Wednesday, September 24, 2003

Johann Hari of The Independent kindly responds to my remarks below:
You have, I fear, willfully misread my article. When paraphrasing what I say, you ignore the rather massive if: "IF you don't know about the terrible history of anti-semitism, THEN..." the events of 1948 seem unjustifiable. Of course, all educated people DO know this history. I am a strong defender of the right of the Israeli people to self-determination and safety; I support the creation of a Palestinian state precisely because Israelis will never be safe so long as they are denying Palestinians their safety and freedom.

I have repeatedly argued against English anti-Semitism in print, and taken a hell of a lot of flak for it; I have Jewish relatives and, as a gay man, would have been killed by the Nazis (and, yes, Hamas) myself; and as for having "no evidence" for my criticisms of Israel, I spent over a month on the Occupied Territories this summer. Your accusation of anti-Semitism is disturbing, libellous and extremely upsetting. I hope that on reflection, you will retract it, not least because we cannot expose real anti-Semites (and believe me, there are many) when such foolish accusations are thrown around against transparently non-racist people.

Yours sincerely,

Johann Hari.
The full paragraph in contention:
Of course, if you don't know about the Naqba, Palestinian anger at Israel looks simply like a disembodied, crazy loathing. And if you don't know about the terrible history of anti-Semitism, the creation of the state of Israel looks like unjustifiable wickedness.

You write: "When paraphrasing what I say, you ignore the rather massive if: "IF you don't know about the terrible history of anti-semitism, THEN..." the events of 1948 seem unjustifiable. Of course, all educated people DO know this history." But you don't address your use of the term "wickedness" - the simple implication of what you wrote is that creation of Israel is a kind of sui generis wickedness that only anti-Semitism climaxing in the sui generis Holocaust can justify.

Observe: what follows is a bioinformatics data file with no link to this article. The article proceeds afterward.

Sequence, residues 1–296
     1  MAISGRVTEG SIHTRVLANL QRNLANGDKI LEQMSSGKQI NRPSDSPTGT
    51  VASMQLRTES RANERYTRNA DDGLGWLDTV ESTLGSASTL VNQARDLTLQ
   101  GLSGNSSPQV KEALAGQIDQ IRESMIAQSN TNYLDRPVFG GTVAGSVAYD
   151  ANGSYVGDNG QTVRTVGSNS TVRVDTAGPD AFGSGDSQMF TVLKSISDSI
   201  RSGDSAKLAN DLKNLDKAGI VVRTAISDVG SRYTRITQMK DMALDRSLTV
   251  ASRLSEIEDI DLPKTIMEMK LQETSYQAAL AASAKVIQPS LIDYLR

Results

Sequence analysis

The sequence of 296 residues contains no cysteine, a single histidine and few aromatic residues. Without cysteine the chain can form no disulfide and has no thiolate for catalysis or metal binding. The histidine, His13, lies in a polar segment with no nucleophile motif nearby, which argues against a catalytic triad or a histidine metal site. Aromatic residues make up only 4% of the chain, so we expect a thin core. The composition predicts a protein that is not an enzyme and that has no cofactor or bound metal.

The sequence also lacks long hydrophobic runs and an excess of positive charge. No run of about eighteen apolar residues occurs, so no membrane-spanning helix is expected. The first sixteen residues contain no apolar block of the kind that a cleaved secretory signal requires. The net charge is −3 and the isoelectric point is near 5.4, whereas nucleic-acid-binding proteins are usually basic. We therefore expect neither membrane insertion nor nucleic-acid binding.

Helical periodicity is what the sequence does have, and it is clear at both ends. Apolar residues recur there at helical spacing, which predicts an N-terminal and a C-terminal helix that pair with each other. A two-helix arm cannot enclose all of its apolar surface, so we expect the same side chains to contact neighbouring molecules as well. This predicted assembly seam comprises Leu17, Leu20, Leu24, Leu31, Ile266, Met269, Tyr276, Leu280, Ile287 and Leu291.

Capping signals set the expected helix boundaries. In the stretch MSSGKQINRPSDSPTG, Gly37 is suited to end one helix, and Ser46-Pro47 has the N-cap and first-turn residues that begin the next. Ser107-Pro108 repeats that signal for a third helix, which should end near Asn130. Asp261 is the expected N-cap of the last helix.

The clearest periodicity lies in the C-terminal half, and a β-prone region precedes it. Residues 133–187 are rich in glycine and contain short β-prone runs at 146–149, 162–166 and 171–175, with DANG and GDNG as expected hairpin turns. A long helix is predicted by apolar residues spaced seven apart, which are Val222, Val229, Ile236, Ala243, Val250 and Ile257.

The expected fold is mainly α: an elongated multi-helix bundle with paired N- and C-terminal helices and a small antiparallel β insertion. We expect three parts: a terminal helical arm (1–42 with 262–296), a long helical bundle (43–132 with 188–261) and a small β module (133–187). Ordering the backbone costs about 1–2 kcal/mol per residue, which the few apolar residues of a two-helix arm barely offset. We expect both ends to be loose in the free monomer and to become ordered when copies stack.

Moreover, you believe that the Naqba explains (and in a partial sense legitimizes) the implacable Palestinian antipathy to Israel. But the term Naqba signifies the events of 1948 in a national-mythical sense, and the relationship between the Naqba and the actual creation of Israel (and flight of refugees) resembles the relationship between the "Jenin Massacre" and the events of Operation Defensive Shield in 2002. So it's really the mythologization of the events that causes the implacability of Palestinian anger. Perhaps your actual view is that it's this Palestinian view of the Naqba that makes the creation of Israel look like unjustifiable wickedness, and not their unawareness of the history of anti-semitism.

Elsewhere in the article you write that in "their desperation to feel safe" the Levantine Jews committed "an atrocity against the Palestinians" - what is intended? Deir Yassin? The refugee problem as a whole? That the Mandate-period British and the Arabs (or the Turks for that matter) committed more frequent atrocities of their own does not justify what happened at Deir Yassin, but clearly reduces its significance as a historical event. If you'd like to discuss the specific events of 1947-49 (eg. UNSCOP declaration, ensuing riots etc.), I'd be pleased to do so - and I'd also be interested in hearing what similar conflicts you believe that the Levantine Jews should have used as their "role models".

I do recognize and appreciate that you are trying to give a just hearing to both sides of the current dispute (and I'm giving short shrift to other points that you make in the column). But this context makes the apparent proposition that Israel's right-to-exist somehow derives from the Holocaust all the more disturbing. There's not much daylight between that approach and the idea that the Palestinians are suffering because Europe dumped the Jewish problem on them. In the basic sense, Jewish national rights should be regarded as legitimate - though I think that in Europe this point is not regarded as at all obvious.

I do sincerely regret having made mention of the term anti-Semitism - both because it has been interpreted as an attack against you and because it detracts from the main issues that we are discussing. You will note that in my original message I stopped short of directly accusing anyone of anti-Semitism, and that my ponderings on that score also had much to do with the audience that you seem to be addressing as well some of the opinions expressed in the British Medical Journal. So perhaps to could modify the description of the "accusations" that I made.

Update: Johann Hari responds that the above is "thoughtful" and "well-argued" but that he disagrees.

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